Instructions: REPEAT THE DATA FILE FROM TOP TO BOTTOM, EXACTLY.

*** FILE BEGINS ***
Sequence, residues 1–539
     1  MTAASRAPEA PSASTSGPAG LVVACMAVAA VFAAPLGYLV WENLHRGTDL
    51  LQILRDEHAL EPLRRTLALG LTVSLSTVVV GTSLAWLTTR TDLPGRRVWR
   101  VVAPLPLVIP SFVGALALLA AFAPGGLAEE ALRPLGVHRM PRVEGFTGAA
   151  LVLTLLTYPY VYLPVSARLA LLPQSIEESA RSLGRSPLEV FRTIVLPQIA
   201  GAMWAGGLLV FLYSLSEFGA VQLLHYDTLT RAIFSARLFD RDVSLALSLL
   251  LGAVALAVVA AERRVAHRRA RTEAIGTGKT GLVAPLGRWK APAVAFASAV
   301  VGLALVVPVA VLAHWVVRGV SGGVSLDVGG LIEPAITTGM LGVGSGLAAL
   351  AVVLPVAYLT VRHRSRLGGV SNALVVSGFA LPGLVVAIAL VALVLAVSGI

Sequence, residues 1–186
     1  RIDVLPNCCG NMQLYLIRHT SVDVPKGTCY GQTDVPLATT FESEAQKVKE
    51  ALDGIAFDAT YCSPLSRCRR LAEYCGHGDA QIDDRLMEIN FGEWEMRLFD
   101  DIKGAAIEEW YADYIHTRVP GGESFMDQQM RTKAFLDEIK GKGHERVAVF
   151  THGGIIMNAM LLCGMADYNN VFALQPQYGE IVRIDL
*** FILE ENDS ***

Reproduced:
Sequence, residues 1–539
     1  MTAASRAPEA PSASTSGPAG LVVACMAVAA VFAAPLGYLV WENLHRGTDL
    51  LQILRDEHAL EPLRRTLALG LTVSLSTVVV GTSLAWLTTR TDLPGRRVWR
   101  VVAPLPLVIP SFVGALALLA AFAPGGLAEE ALRPLGVHRM PRVEGFTGAA
   151  LVLTLLTYPY VYLPVSARLA LLPQSIEESA RSLGRSPLEV FRTIVLPQIA
   201  GAMWAGGLLV FLYSLSEFGA VQLLHYDTLT RAIFSARLFD RDVSLALSLL
   251  LGAVALAVVA AERRVAHRRA RTEAIGTGKT GLVAPLGRWK APAVAFASAV
   301  VGLALVVPVA VLAHWVVRGV SGGVSLDVGG LIEPAITTGM LGVGSGLAAL
   351  AVVLPVAYLT VRHRSRLGGV SNALVVSGFA LPGLVVAIAL VALVLAVSGI

Sequence, residues 1–186
     1  RIDVLPNCCG NMQLYLIRHT SVDVPKGTCY GQTDVPLATT FESEAQKVKE
    51  ALDGIAFDAT YCSPLSRCRR LAEYCGHGDA QIDDRLMEIN FGEWEMRLFD
   101  DIKGAAIEEW YADYIHTRVP GGESFMDQQM RTKAFLDEIK GKGHERVAVF
   151  THGGIIMNAM LLCGMADYNN VFALQPQYGE IVRIDL